- inauguration day,
Origin of inauguration
Examples from the Web for inauguration
The inauguration had to be held in the fortified Kremlin, surrounded by an eerily quiet city.Behind Bars for the Holidays: 11 Political Prisoners We Want to See Free In 2015|Movements.Org|December 25, 2014|DAILY BEAST
In May he attended the inauguration of a museum to house the works of the Ecuadorian painter Santiago Carbonell in Querétaro.
How much of your family was able to see you read your poem at the inauguration?
Since his inauguration, Republicans have criticized President Obama for everything.Obama, the Coffee Salute, and the Dementia on the Right|Sally Kohn|September 25, 2014|DAILY BEAST
Here he is attending festivities for the first George W. Bush inauguration, along with Chuck Norris and Meatloaf.Rambo Hates Guns: How Sylvester Stallone Became the Most Anti-Gun Celeb in Hollywood|Asawin Suebsaeng|August 14, 2014|DAILY BEAST
He died at the age of seventy-two in Tulip, near the year 1885, just before Cleveland's inauguration.Slave Narratives: A Folk History of Slavery in the United States From Interviews with Former Slaves|Work Projects Administration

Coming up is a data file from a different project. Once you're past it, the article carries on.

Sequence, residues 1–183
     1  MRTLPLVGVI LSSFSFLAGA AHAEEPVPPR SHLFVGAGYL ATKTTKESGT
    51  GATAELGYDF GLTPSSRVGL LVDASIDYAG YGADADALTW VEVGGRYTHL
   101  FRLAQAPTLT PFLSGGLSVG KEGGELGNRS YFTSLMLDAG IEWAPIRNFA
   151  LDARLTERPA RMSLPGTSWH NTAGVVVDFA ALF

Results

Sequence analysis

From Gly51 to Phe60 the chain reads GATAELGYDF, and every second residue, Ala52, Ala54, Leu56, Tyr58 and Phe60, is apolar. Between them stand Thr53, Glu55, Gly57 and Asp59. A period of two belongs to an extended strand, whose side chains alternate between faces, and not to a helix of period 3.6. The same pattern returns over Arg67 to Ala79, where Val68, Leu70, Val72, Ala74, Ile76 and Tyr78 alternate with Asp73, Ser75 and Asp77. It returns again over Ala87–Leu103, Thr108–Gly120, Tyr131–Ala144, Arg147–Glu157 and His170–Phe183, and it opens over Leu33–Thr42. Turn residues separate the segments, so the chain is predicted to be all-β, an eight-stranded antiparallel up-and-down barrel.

The President's inauguration at Washington called forth a deafening demonstration.On a Donkey's Hurricane Deck|R. Pitcher Woodward
The whole of that is intelligible to me—and sane and rational, too—except the remark about the Inauguration of a Russian Chinese.The $30,000 Bequest and Other Stories|Mark Twain
We have been able to trace this mode of inauguration quite as conspicuously in young men as in young women.Tics and Their Treatment|Henry Meigne
The name Anti-Federalist lost its aptness after the inauguration of the Government.The Boss and the Machine|Samuel P. Orth
1560s, from French inauguration "installation, consecration," and directly from Latin inaugurationem (nominative inauguratio) "consecration, installment under good omens," noun of action from past participle stem of inaugurare "take omens from the flight of birds; consecrate or install when such omens are favorable," from in- "on, in" (see in- (2)) + augurare "to act as an augur, predict" (see augur).